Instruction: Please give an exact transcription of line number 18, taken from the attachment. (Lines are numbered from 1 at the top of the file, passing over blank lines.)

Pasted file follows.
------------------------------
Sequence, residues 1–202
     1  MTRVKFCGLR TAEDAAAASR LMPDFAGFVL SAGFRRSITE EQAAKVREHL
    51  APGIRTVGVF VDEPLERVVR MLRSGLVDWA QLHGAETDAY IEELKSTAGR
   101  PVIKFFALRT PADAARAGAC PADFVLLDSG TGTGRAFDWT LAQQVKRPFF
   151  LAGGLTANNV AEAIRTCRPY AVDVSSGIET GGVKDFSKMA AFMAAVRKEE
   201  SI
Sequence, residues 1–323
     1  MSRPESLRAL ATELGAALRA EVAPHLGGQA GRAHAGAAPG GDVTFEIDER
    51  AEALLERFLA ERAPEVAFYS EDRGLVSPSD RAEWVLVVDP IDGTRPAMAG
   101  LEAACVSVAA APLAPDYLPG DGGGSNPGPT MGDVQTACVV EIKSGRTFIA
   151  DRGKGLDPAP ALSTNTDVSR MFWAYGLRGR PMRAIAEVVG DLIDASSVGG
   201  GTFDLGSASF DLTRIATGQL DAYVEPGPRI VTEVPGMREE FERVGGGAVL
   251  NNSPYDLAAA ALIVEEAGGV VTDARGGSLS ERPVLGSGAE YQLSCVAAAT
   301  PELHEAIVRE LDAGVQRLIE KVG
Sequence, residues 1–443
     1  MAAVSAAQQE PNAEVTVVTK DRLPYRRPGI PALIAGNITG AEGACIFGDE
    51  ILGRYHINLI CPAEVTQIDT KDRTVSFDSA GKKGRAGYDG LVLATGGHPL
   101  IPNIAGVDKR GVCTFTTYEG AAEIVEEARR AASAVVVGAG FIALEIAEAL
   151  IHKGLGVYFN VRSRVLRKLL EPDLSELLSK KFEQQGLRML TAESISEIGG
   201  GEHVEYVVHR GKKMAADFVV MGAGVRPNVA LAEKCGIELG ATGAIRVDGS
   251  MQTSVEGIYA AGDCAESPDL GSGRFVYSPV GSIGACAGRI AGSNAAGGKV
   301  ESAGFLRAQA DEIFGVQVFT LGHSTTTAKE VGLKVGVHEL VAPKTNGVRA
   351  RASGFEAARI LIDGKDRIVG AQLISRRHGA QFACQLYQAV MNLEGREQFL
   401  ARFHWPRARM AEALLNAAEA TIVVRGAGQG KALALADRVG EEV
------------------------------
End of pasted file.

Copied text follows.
   101  IPNIAGVDKR GVCTFTTYEG AAEIVEEARR AASAVVVGAG FIALEIAEAL